I suspect that a few of them realize that.

    As much as KJS might want to think that she is a patriarch, she lacks certain equipment for that, namely, authority and power.

  7. Milton Finch says:

    Thanks, Ralph. I am with you, by the way.

  8. Katherine says:

    Dr. Harmon, if General Convention had no concern for what it was doing to relations in the Anglican Communion, why should we be surprised that it had also no concern for other Christian bodies?

  9. Karen B. says:

    Kendall, if I read the GC09 Legislative table correctly, there were only 5 resolutions on ecumenical relations, and 1 of those was a duplicate. So 4 resolutions out of 450…, means Gen Con spent less than 1% of its time on ecumenical issues.

    By contrast there were dozens of LGBT-related resolutions in many different categories, at least 10 -12 resolutions related to environmental advocacy, and at least 53 other political or economic advocacy related resolutions.

    Pretty easy to see where TEC’s priorities lie.

  10. Fr. Dale says:

    OK, so I’ll take a guess at what Dr. Harmon was referring to.
    TEC in general and Integrity in particular suffer from myopia and tunnel vision. The former limits their ability to use the history of the church to guide their theology and the latter limits their ability to value the church universal and profit from corrective feedback. They have become an agenda driven rationalizing secular and humanistic organization.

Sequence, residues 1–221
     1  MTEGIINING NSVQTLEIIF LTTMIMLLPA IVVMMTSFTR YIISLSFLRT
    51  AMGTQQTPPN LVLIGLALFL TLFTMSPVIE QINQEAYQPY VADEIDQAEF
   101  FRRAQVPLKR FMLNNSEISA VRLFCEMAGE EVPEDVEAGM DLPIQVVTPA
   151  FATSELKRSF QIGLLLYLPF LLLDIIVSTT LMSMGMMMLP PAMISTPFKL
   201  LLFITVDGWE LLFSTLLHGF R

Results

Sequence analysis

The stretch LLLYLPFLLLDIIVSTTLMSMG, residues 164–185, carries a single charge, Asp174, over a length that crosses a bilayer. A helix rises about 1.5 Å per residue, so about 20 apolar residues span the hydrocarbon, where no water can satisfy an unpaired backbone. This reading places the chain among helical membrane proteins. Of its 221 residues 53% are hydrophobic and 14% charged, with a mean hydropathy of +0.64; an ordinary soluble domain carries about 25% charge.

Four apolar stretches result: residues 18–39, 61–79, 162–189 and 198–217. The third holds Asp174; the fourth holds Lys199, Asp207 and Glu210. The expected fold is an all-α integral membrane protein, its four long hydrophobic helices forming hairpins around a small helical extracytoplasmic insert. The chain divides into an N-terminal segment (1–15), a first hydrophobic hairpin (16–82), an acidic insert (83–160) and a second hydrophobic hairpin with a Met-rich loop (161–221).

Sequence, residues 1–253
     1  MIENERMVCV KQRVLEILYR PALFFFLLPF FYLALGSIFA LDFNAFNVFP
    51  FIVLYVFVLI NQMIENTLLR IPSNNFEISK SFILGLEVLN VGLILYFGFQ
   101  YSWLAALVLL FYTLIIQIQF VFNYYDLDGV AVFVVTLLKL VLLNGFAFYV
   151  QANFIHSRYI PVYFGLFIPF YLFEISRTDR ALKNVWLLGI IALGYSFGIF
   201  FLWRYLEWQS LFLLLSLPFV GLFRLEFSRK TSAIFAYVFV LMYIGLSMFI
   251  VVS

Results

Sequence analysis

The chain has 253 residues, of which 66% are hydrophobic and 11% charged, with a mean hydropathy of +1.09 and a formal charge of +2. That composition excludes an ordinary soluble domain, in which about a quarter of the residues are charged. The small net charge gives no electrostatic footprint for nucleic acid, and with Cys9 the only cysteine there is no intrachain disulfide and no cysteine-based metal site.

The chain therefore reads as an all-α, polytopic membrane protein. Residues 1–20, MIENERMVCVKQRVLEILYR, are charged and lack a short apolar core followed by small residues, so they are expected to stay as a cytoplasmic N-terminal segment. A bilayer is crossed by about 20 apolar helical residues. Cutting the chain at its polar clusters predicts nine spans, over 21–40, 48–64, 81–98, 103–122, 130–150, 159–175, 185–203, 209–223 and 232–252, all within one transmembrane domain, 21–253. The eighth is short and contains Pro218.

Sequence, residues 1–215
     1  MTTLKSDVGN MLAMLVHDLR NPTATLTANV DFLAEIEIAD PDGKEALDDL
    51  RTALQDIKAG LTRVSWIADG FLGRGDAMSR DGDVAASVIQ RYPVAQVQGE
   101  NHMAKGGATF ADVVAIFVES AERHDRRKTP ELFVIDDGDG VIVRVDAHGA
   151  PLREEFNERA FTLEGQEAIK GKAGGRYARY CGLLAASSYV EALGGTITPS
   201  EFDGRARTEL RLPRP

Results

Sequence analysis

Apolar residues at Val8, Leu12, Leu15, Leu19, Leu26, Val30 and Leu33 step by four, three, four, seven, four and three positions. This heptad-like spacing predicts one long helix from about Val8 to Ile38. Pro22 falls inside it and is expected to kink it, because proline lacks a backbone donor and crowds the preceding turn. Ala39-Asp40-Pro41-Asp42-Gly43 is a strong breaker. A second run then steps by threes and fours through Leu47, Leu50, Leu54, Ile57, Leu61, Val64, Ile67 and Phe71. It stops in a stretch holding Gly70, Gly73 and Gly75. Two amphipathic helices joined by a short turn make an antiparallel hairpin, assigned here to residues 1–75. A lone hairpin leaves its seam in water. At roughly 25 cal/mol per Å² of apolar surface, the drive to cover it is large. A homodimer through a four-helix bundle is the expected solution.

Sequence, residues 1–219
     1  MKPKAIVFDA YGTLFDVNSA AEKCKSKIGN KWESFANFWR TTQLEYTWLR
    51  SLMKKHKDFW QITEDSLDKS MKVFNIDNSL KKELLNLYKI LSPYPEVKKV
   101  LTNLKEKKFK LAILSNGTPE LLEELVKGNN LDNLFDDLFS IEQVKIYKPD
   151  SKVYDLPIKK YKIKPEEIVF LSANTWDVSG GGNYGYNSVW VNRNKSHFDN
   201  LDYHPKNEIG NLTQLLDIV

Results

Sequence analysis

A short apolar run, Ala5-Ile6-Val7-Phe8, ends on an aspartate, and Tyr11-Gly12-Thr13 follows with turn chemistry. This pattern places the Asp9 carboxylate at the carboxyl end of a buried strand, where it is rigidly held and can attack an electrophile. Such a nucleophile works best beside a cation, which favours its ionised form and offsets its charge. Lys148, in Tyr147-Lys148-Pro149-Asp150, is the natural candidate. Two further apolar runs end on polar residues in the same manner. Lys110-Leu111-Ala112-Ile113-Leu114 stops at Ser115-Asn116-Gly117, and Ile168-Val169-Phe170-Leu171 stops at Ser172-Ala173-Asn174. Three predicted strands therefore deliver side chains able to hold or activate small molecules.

11. TomRightmyer says:

    I’ve done ecumenical work in three dioceses over 43 years mostly on local and diocesan levels. Episcopalians will agree to ecumenical statements but it is difficult for any of us in any church to see beyond our local and parochial concerns. But we need to keep trying because Jesus’ wants his church to be one in the Spirit.

  12. Brian from T19 says:

    I would think that if GC can not even attempt to work on intradenominational issues, ecumenical ones would be far removed from their view.

  13. Matthew A (formerly mousestalker) says:

    Both the leader of the House of Deputies and the Presiding Bishop are former Roman Catholics, I believe. Certainly the Presiding Bishops statements would lead one to think that she regards her former denomination with some disdain.

    Somehow ecumenism does not seem to be a priority within the Episcopal Church.

    That is one of the major differences between 815 and Cantuar right now.

  14. NoVA Scout says:

    The Archbishop of Canterbury certainly put ecumenical considerations precisely at the center of the discussion. If these aspects of the actions of the GC were largely ignored in Anaheim (although Bishop Johnston of Virginia, for example, did address them and I would like to think he was not unique), they are much more difficult to disregard after the Archbishop’s statement.

  15. Ken Peck says:

    As someone has observed, TEC doesn’t do theology; it does politics.

    General Convention as currently constituted and operates isn’t conducive to doing theology. Neither is one way “listening”, “dialog” and “conversation”.

    Theology is the study of God; the study of fallen man is anthropology and sociology.